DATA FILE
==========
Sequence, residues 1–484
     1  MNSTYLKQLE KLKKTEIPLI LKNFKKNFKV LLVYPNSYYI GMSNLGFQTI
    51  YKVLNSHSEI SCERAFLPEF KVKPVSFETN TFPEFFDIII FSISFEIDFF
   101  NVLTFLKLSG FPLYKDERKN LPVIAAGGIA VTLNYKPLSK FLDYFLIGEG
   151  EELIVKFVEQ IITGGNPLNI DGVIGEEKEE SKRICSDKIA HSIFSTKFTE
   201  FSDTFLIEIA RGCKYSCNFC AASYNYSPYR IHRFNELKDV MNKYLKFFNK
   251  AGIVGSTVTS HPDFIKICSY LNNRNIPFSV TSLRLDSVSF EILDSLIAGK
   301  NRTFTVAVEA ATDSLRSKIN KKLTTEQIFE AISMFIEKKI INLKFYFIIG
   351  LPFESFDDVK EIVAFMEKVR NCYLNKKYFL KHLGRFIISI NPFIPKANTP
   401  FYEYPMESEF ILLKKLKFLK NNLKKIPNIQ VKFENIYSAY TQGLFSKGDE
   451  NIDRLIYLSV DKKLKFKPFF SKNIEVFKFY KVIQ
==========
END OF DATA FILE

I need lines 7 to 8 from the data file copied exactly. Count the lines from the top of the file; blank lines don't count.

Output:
   251  AGIVGSTVTS HPDFIKICSY LNNRNIPFSV TSLRLDSVSF EILDSLIAGK
   301  NRTFTVAVEA ATDSLRSKIN KKLTTEQIFE AISMFIEKKI INLKFYFIIG